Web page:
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28 December in the History of Psychology
On December 28:
1875 — The New York Society for the Prevention of Cruelty to Children, an important early organization for child welfare advocacy, held its first meeting. John D. Wright was the group's first president. The organization was inspired by public attention to the case of 8-year-old Mary Ellen Wilson, who had been beaten by her adoptive parents and sold into servitude.
1888 — Sidney Pressey was born. Pressey was an educational and developmental psychologist who was also active in professional organizations. He patented a machine for administering multiple-choice intelligence test items (1928) that later became the first teaching machine.
1897 — The first simultaneous sessions at an APA annual meeting were held to accommodate diverging interests and an increasing number of presentations. One morning session was devoted to "discussion of physical and mental tests," whereas the other consisted of "psychological papers." The meeting was held at Cornell University.
1899 — The first APA annual meeting session devoted to teaching psychology was presented by George S. Fullerton, Joseph Jastrow, H. Austin Aikins, and Charles H. Judd. The title of the presentation was "How Should Psychology Be Taught?" All of the speakers agreed that psychology must be taught as a science.
1903 — John von Neumann was born. Von Neumann was an outstanding mathematician who helped to develop the atomic bomb and the first electronic computers. With Oskar Morgenstern, he wrote A Theory of Games and Economic Behavior (1944), the cornerstone of modern scientific theory and research in decision and choice behavior.
1909 — Ivan Pavlov delivered his "Tower of Silence" lecture to the 12th Congress of Naturalists and Physicians in Moscow. The lecture emphasized the importance of experimental control and resulted some years later in a tower laboratory building actually erected in St. Petersburg to provide Pavlov the experimental isolation he required.
1917 — The American Association of Clinical Psychologists (AACP) was founded at the Carnegie Institute of Technology. J. E. W. Wallin was the first chairman and Leta Stetter Hollingworth the first secretary. The group promoted training and certification standards for the practice of clinical psychology. The AACP became the APA Section of Clinical Psychology, the APA's first special interest division, on December 29, 1919.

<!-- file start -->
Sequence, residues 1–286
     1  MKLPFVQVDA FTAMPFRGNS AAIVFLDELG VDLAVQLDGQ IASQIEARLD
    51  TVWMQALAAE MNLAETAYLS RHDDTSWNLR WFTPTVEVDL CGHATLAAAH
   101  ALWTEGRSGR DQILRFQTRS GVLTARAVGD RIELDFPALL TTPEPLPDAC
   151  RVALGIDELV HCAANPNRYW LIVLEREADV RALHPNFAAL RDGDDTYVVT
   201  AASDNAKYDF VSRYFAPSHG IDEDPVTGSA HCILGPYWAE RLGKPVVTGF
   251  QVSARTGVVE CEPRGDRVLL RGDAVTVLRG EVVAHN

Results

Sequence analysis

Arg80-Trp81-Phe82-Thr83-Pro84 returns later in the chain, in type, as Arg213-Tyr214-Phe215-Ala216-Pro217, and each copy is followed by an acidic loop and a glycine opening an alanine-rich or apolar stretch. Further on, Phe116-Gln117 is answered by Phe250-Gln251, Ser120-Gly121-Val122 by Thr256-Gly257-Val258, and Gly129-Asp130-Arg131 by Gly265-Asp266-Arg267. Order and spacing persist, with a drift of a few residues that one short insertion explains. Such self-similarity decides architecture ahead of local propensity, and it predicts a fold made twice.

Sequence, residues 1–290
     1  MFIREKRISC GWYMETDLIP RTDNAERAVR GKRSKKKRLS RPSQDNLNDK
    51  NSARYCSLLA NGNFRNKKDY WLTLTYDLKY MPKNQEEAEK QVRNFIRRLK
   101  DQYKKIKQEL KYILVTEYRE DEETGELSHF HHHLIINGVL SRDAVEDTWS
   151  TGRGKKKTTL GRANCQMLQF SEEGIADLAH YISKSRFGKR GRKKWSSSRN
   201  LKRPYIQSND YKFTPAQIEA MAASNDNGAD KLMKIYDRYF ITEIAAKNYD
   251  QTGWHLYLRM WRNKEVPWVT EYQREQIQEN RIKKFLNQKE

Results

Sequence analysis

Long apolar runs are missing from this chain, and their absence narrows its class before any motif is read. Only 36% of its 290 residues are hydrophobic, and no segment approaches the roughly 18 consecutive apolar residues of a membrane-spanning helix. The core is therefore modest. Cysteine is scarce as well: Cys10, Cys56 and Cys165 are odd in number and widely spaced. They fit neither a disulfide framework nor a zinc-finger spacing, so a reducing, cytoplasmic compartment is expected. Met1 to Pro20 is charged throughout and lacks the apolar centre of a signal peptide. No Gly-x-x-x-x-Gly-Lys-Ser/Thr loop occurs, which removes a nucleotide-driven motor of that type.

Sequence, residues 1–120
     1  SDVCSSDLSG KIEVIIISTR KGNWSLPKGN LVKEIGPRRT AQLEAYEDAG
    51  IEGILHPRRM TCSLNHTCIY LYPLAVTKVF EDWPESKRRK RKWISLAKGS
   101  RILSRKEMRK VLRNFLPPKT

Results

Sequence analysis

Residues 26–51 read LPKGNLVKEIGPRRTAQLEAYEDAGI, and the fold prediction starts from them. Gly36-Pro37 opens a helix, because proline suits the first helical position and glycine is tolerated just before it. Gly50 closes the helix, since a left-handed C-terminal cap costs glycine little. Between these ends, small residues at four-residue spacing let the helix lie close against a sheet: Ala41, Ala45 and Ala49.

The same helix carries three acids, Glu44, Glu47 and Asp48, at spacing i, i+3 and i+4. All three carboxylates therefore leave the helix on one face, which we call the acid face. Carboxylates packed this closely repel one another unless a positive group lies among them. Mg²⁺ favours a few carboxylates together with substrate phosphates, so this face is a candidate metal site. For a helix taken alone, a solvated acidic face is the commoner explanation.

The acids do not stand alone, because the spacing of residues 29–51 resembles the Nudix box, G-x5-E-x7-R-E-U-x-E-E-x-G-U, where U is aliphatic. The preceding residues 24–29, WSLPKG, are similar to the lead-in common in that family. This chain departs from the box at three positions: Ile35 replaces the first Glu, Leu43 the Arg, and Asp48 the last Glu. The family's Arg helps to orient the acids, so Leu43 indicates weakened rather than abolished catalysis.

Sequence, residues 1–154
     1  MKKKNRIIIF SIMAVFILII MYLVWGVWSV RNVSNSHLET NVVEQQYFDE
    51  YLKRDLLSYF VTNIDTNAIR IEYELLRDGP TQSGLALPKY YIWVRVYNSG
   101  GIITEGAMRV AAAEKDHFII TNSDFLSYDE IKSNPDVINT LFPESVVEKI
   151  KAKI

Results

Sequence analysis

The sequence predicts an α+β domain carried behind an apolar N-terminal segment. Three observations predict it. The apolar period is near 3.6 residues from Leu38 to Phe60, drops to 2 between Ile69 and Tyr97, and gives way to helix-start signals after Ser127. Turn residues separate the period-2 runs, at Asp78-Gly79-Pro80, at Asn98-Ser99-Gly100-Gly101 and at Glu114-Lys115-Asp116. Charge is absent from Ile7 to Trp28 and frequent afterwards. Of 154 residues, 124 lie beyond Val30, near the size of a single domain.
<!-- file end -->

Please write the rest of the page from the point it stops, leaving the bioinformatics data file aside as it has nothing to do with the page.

1917 — At the 25th Annual Meeting of the APA, the equipment display included "Fifty Small Colored Pictures of Oriental Rugs for Esthetic Judgments," "A New Model Electro-Mechanical Stimulus Shuffler," and "a new form of the Self-Registering Tapping Board."
1921 — Joseph H. Grosslight was born. Grosslight and Leonard Bickman planned the pivotal National Conference on Graduate Education and Training in Psychology that met in Salt Lake City in 1987. APA Award for Distinguished Education and Training Contributions, 1988.
1925 — The APA appointed a committee of three to "undertake to develop an adequate abstracts journal covering the field of Psychology." The committee of Walter Hunter, Samuel Fernberger, and Herbert Langfeld obtained $76,500 in development funds from the Laura Spelman Rockefeller Memorial and the resulting journal, Psychological Abstracts, appeared in January 1927.
1942 — At 2:30 p.m., Clark Hull mailed the final corrected galley proofs of his Principles of Behavior to his publisher, Appleton-Century-Crofts.
1990 — The APA became the owner of the Journal of Family Psychology, formerly a publication of APA Division 43 (Family Psychology). The September 1992 issue was the first published entirely by the APA.
1991 — The first annual meeting of the Society for Machines and Mentality was held in New York City. William Bechtel delivered the keynote address, "Currents in Connectionism." William Rapaport was president of the new organization.